Five Western nations, including the United States, have welcomed Serbia’s upcoming referendum on judicial reforms but expressed regret that Kosovo will no longer allow the Organization for Security and Cooperation in Europe (OSCE) to collect the ballots of eligible Serb voters living there.
The January 16 referendum on amendments to the constitution aims to depoliticize the appointment of prosecutors and judges to help qualify Serbia for eventual accession to the European Union.
The proposed changes are a “key step to strengthen the independence of the judiciary and to enhance the transparency and effectiveness of the country’s rule of law institutions,” France, Germany, Italy, Britain, and the United States said in a statement issued on January 14 by the U.S. Embassy in Belgrade.
The five nations also expressed regret that Kosovo has not allowed the OSCE to collect the ballots of eligible voters living there, which had been the case previously.
“We call on the Kosovo government to allow Serbs in Kosovo to exercise their right to vote in elections and electoral processes in accordance with this established practice,” they said in the statement.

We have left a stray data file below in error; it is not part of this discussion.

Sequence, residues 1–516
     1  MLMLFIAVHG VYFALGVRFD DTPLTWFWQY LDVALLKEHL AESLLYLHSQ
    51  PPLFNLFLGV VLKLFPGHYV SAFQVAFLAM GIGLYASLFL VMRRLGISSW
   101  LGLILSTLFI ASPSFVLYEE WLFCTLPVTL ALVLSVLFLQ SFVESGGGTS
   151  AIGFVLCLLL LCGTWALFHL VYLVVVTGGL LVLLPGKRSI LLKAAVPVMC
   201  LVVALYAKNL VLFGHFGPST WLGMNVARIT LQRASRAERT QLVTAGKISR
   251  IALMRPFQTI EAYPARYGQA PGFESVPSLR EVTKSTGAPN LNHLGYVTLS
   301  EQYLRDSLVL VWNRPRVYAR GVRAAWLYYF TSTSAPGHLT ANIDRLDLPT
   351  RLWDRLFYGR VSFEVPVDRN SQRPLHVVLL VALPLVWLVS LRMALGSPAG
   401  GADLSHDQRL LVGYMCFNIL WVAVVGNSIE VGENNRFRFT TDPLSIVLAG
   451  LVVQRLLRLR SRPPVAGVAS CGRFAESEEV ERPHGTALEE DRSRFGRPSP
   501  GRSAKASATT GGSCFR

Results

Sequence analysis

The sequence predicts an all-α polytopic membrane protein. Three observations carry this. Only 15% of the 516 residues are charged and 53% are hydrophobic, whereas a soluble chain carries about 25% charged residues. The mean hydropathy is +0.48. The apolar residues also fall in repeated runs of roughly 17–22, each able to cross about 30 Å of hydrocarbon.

A day earlier, EU foreign policy chief Josep Borrell said in a post on Twitter that he had discussed the issue with both Kosovo’s Prime Minister Albin Kurti and Serbian President Aleksandar Vucic. He said that “people should be able to exercise their right to vote.”
Kurti countered by saying, “A referendum in the sovereign territory of another state is not a practice accepted by any democratic country.”
“Serbs in Kosovo with dual citizenship can vote in Serbia’s referendum by mail or in the liaison office in Pristina”, Kurti said in a tweet on January 12.
Vucic told Serbia’s state-run RTS TV channel on January 12 that there would be “greater and far-reaching consequences than expected” if polling stations were not opened in Kosovo, so Serbs could participate in the referendum.
The Western Balkan country is a candidate for EU membership but to achieve that goal it must strengthen the independence of the judiciary and improve the rule of law.
In November, the Council of Europe, the EU’s rights watchdog, said its constitutional advisory body concluded that most of the proposed amendments were made in line with its recommendations.
The plebiscite will be held under a new referendum law which abolished a minimum 50 percent turnout threshold.
That law was condemned by environmental groups who said it may be used by the government to give free rein to foreign mining companies in the country.